PARELL to PARIAH
PARELL, n.p. The name of a northern suburb of Bombay where stands the residence of the Governor.
The statement in the Imperial Gazetteer that Mr. W. Hornby (1776) was the first Governor who took up
his residence at Parell requires examination, as it appears to have been so occupied in Groses time.
The 2nd edition of Grose, which we use, is dated 1772, but he appears to have left India about 1760. It
seems probable that in the following passage Niebuhr speaks of 17634, the date of his stay at Bombay,
but as the book was not published till 1774, this is not absolutely certain. Evidently Parell was occupied
by the Governor long before 1776.
Les Jesuites avoient autrefois un beau couvent aupres du Village de Parell au milieu de lIsle, mais
il y a déjà plusieurs années, quelle est devenue la maison de campagne du Gouverneur, et lEglise est
actuellement une magnifique salle à manger et de danse, quon nen trouve point de pareille en toutes
les Indes.Niebuhr, Voyage, ii. 12.
[Mr. Douglas (Bombay and W. India, ii. 7, note) writes: High up
and outside the dining-room, and which was the chapel when Parel belonged to the Jesuits, is a plaque
on which is printed: Built by Honourable Hornby, 1771. ] 1554.Parell is mentioned as one of 4
aldeas, Parell, Varella, Varell, and Siva, attached to the Kasbah (Caçabesee CUSBAH) of
Maim.Botelho, Tombo, 157, in Subsidios.
c. 175060. A place called Parell, where the Governor
has a very agreeable country-house, which was originally a Romish chapel belonging to the Jesuits, but
confiscated about the year 1719, for some foul practices against the English interest.Grose, i. 46; [1st
edition 1757, page 72].
PARIAH, PARRIAR, &c., s.
a. The name of a low caste of Hindus in Southern India, constituting one
of the most numerous castes, if not the most numerous, in the Tamil country. The word in its present
shape means properly a drummer. Tamil parai is the large drum, beaten at certain festivals, and the
hereditary beaters of it are called (sing.) paraiyan, (pl.) paraiyar. [Dr. Opperts theory (Orig. Inhabitants,
32 seq.] that the word is a form of Pahariya, a mountaineer is not probable.] In the city of Madras
this caste forms one fifth of the whole population, and from it come (unfortunately) most of the domestics
in European service in that part of India. As with other castes low in caste-rank they are also low in
habits, frequently eating carrion and other objectionable food, and addicted to drink. From their coming
into contact with and under observation of Europeans, more habitually than any similar caste, the name
Pariah has come to be regarded as applicable to the whole body of the lowest castes, or even to denote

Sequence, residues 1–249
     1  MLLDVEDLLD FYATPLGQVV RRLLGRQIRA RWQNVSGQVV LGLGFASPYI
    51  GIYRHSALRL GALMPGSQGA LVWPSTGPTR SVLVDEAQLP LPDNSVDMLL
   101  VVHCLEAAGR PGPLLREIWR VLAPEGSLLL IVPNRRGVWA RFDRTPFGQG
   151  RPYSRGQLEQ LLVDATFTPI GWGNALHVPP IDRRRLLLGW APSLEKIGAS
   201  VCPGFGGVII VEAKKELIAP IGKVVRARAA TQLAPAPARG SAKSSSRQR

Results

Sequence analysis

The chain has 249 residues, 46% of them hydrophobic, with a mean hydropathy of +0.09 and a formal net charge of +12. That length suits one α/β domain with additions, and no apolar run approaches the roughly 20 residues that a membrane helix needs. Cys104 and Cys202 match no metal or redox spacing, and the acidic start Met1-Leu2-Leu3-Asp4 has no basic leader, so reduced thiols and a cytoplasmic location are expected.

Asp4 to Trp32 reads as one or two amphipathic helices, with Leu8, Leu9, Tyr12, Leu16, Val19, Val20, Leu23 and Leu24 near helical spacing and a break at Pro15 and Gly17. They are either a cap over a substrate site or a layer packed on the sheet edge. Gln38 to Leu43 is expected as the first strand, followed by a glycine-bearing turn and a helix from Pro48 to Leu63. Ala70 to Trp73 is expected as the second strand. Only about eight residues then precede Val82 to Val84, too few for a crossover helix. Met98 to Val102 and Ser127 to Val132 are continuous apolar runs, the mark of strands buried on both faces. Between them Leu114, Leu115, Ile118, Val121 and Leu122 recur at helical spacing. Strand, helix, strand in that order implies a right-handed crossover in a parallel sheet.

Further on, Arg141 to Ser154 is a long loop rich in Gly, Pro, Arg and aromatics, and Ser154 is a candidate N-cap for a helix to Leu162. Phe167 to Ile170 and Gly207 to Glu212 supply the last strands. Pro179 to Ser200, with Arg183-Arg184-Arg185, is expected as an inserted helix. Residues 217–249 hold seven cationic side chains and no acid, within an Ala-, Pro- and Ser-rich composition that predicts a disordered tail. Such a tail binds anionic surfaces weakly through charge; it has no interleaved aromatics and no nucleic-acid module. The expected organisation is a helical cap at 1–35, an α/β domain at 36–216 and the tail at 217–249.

outcastes or people without any caste. But this is hardly a correct use. There are several castes in the
Tamil country considered to be lower than the Pariahs, e.g. the caste of shoemakers, and the lowest
caste of washermen. And the Pariah deals out the same disparaging treatment to these that he himself
receives from higher castes. The Pariahs constitute a well-defined, distinct, ancient caste, which has
subdivisions of its own, its own peculiar usages, its own traditions, and its own jealousy of the encroachments
of the castes which are above it and below it. They constitute, perhaps, the most numerous caste in
the Tamil country. In the city of Madras they number 21 per cent. of the Hindu people.Bp. Caldwell,
u. i., page 545. Sir Walter Elliot, however, in the paper referred to further on includes under the term
Paraiya all the servile class not recognised by Hindus of caste as belonging to their community.
interesting, though not conclusive, discussion of the ethnological position of this class will be found in
Bp. Caldwells Dravidian Grammar (pp. 540554). That scholars deduction is, on the whole, that they
are probably Dravidians, but he states, and recognises force in, arguments for believing that they may
have descended from a race older in the country than the proper Dravidian, and reduced to slavery by
the first Dravidians. This last is the view of Sir Walter Elliot, who adduces a variety of interesting facts in
its favour, in his paper on the Characteristics of the Population of South India.1
Thus, in the celebration
of the Festival of the Village Goddess, prevalent all over Southern India, and of which a remarkable
account is given in that paper, there occurs a sort of Saturnalia in which the Pariahs are the officiating
priests, and there are several other customs which are most easily intelligible on the supposition that the
Pariahs are the representatives of the earliest inhabitants and original masters of the soil. In a recent
communication from this venerable man he writes: My brother (Col. C. Elliot, C.B.) found them at Raipur,
to be an important and respectable class of cultivators. The Pariahs have a sacerdotal order amongst
themselves. [The view taken in the Madras Gloss. is that they are distinctly Dravidian without fusion,
as the Hinduized castes are Dravidian with fusion.]
The mistaken use of pariah, as synonymous with
out-caste, has spread in English parlance over all India. Thus the lamented Prof. Blochmann, in his